This paper provides an overview of urban sanitation while highlighting the need to address this challenge with emphasis on including slum dwellers and poor communities that have typically been neglected.
- Sanitary conditions for poor people in urban areas are aggravated by high-density living, inadequate septic and solid waste management, and poor drainage.
- Massive investments in infrastructure to address urban sanitation in developing countries have often resulted in patchy and unreliable coverage, mostly for richer users, and frequently leaving poorer communities to fend for themselves.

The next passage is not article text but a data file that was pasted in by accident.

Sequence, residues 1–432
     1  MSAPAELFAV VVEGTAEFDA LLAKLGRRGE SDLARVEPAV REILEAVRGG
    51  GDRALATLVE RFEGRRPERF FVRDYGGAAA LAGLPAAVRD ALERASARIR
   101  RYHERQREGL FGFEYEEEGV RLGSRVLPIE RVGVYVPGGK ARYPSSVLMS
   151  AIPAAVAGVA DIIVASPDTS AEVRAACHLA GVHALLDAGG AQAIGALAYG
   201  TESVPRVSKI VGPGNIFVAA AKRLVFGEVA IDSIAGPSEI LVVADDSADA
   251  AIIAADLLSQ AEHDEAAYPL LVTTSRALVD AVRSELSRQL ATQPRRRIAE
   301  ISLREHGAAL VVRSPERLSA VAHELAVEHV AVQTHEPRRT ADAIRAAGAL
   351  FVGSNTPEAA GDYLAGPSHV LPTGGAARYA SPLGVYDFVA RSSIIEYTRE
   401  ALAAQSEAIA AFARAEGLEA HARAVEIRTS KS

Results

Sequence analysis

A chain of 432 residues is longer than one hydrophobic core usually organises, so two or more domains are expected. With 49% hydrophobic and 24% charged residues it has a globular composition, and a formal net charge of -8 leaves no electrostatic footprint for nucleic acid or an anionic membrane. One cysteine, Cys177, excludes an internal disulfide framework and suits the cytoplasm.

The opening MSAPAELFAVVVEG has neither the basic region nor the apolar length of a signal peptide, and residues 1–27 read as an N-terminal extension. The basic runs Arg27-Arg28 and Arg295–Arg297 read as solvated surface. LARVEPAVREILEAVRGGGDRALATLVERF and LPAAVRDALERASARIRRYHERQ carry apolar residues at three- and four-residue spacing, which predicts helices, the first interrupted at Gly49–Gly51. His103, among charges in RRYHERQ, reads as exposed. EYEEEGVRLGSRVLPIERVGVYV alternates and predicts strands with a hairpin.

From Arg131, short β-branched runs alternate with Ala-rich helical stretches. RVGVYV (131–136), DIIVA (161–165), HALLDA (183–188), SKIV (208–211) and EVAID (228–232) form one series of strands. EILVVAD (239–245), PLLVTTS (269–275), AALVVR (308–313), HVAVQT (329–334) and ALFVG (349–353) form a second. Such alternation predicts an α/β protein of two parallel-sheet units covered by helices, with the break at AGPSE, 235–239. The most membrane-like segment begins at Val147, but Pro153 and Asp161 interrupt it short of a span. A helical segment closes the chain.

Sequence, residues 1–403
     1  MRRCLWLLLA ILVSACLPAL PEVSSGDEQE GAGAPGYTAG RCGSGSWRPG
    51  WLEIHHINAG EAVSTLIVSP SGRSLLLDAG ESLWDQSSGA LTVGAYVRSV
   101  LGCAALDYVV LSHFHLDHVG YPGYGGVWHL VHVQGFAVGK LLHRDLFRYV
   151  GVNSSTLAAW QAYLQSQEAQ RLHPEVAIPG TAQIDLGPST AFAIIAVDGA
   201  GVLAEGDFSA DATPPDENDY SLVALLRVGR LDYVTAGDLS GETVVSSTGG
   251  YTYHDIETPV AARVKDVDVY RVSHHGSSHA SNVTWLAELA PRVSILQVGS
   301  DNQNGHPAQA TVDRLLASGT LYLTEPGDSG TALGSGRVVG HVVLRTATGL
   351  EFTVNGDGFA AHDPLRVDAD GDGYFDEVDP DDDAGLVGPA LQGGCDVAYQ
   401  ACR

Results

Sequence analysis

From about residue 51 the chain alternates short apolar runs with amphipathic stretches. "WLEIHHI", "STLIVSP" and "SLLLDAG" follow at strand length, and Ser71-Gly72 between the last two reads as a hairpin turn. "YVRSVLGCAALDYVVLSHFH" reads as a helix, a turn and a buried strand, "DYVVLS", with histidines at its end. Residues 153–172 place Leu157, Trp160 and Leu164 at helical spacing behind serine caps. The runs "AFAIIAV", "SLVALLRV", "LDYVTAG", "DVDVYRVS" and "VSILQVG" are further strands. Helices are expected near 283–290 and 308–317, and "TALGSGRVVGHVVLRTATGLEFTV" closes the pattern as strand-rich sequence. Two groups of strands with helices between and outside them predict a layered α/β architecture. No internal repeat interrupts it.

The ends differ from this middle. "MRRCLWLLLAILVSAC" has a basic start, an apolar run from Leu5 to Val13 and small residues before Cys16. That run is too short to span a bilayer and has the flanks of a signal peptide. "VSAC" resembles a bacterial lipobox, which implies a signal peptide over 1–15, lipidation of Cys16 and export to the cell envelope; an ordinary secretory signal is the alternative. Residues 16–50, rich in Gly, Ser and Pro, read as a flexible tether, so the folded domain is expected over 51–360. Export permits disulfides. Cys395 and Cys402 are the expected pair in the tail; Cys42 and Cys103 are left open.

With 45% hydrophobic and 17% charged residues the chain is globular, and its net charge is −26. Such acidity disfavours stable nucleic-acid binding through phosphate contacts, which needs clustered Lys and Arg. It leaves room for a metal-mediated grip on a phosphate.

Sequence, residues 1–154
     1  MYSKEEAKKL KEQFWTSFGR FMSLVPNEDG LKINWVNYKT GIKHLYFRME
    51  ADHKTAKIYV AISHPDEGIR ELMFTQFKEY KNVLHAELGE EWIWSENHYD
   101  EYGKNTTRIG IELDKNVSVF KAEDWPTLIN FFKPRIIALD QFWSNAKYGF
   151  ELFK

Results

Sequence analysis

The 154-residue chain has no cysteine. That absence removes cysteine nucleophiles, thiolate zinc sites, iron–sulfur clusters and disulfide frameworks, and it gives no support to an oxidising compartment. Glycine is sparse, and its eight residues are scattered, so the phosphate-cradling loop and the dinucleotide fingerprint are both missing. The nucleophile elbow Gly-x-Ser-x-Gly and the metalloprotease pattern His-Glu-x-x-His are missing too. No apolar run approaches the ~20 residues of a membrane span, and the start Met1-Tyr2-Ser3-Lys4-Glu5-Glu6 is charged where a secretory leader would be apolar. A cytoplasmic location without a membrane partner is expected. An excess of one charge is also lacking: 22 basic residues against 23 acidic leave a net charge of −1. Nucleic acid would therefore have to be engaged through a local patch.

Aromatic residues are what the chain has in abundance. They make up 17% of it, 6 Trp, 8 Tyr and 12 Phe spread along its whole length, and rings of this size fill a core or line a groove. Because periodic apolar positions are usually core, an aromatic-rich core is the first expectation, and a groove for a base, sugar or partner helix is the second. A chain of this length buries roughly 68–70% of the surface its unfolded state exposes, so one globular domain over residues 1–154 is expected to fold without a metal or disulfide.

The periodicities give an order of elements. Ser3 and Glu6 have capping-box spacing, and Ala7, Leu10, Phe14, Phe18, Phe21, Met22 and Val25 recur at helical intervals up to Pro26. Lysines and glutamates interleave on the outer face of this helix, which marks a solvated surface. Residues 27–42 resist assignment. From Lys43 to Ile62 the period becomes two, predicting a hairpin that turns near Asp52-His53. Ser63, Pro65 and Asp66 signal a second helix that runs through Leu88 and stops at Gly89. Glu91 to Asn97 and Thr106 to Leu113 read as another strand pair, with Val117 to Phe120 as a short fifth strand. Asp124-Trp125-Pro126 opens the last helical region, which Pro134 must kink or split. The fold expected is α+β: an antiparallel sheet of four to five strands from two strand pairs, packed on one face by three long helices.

- Urban sanitation must be poor-inclusive and implemented within a citywide framework to be effective.
- Poor communities often lack political influence to affect municipal decisions, so sanitary conditions in these communities may not be political priorities for decision-makers.
- Sanitation services fail primarily because of an inadequate service delivery chain rather than a lack of infrastructure.
- Effective sanitation services require a national enabling environment, local governance, and community consultation.